People and Change: An Introduction to Counseling and Stress Management

By Catherine M. Flanagan | Go to book overview

6
Obsessive-Compulsive Problems

Many people like to keep themselves and their surroundings clean and tidy, to check that plugs are out and switches are off before going to bed and that doors are locked before going out. Many people feel uncomfortable in a room where pictures are slightly askew on the walls or color combinations in fabrics or decor do not match; likewise, if books are not returned to their shelves, or files are not put away in the appropriate order. Many people cannot sit down and relax until they have finished household or professional chores. Many people make lists of jobs to be done and tick them off with satisfaction as they go. It is common for people to experience a thought going around in their head at night of something that happened during the day that they felt they could have done better or of an interaction that did not go as well as they had expected. Nagging doubts that one did not address an envelope correctly or lock the safe before leaving the office are also quite common. These are all normal experiences of what are clinically referred to as obsessivecompulsive problems.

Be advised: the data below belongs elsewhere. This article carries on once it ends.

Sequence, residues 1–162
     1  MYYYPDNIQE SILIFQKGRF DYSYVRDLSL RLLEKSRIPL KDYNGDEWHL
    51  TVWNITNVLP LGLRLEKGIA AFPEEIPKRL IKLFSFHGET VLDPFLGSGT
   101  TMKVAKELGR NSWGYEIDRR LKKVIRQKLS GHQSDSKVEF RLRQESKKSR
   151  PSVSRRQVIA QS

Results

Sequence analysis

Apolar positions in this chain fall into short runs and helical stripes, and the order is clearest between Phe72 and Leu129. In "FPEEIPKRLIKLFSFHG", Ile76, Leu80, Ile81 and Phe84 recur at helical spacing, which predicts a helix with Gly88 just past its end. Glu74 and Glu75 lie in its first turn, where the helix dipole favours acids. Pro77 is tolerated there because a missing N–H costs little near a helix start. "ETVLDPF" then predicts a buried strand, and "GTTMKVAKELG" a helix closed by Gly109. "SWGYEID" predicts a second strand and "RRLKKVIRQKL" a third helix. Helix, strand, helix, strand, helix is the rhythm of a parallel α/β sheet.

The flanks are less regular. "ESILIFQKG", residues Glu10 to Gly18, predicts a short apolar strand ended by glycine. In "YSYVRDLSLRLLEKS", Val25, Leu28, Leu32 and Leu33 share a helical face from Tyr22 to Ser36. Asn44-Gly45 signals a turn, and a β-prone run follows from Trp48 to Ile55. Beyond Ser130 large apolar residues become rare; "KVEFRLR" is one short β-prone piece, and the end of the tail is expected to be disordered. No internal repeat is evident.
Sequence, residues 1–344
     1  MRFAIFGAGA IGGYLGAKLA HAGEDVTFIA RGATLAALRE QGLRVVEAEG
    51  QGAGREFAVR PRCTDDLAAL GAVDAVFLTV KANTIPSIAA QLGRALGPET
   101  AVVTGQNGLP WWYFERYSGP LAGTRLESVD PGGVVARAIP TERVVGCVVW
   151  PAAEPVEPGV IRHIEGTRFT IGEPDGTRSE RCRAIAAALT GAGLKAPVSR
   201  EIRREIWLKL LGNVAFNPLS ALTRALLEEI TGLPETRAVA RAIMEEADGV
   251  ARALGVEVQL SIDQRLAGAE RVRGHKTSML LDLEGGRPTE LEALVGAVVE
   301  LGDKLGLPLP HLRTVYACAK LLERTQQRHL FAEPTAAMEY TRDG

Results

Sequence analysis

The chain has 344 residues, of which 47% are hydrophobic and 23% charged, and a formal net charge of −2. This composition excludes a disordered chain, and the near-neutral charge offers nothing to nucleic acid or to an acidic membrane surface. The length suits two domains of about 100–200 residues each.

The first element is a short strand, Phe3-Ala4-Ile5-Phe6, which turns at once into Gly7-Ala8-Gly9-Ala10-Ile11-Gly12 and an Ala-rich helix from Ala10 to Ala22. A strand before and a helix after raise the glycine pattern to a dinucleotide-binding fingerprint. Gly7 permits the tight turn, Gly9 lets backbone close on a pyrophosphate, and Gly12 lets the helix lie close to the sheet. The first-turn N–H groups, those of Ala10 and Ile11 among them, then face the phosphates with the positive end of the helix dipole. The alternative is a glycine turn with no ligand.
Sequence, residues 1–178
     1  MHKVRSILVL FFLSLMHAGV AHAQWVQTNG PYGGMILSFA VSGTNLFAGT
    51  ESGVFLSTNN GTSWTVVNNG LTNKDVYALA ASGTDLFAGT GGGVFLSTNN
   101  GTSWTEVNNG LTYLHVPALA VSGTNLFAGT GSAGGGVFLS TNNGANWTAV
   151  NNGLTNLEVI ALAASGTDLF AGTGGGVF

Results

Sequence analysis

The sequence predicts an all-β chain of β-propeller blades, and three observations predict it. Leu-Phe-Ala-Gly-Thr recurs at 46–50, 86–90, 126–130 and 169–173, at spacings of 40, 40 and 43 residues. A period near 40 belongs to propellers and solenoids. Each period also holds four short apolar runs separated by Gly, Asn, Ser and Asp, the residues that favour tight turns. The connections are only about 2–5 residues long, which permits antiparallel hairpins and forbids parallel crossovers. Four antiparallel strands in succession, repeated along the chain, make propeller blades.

Normal levels of obsessionality are healthy; they ensure that desirable standards of hygiene, efficiency, safety, and organization are maintained. There is a difference, however, between these normal levels of efficiency, concern, and drive and the degree beyond--the point of diminishing returns--where the helpful mechanism becomes self-defeating and sometimes incapacitating.

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People and Change: An Introduction to Counseling and Stress Management
Table of contents

Table of contents

  • Title Page ii
  • Contents v
  • Preface ix
  • Acknowledgments xi
  • Introduction 1
  • Part I - How Problems Develop 7
  • 1 - Learning 9
  • 2 - Sources of Stress 23
  • 3 - The Stress Response 49
  • Part II - Specific Problem Areas 59
  • 4 - Anxiety, Fears, and Phobias 61
  • 5 - Depression 75
  • 6 - Obsessive-Compulsive Problems 85
  • 7 - Relating 95
  • 8 - Marriage 105
  • 9 - Sex 113
  • 10 - Overindulgence 123
  • 11 - Attrition, Adherence, and Relapse 135
  • Appendix I - Identifying Problems and Planning Changes 149
  • Appendix V - Making Changes in Thinking 201
  • References 229
  • Author Index 237
  • Subject Index 245
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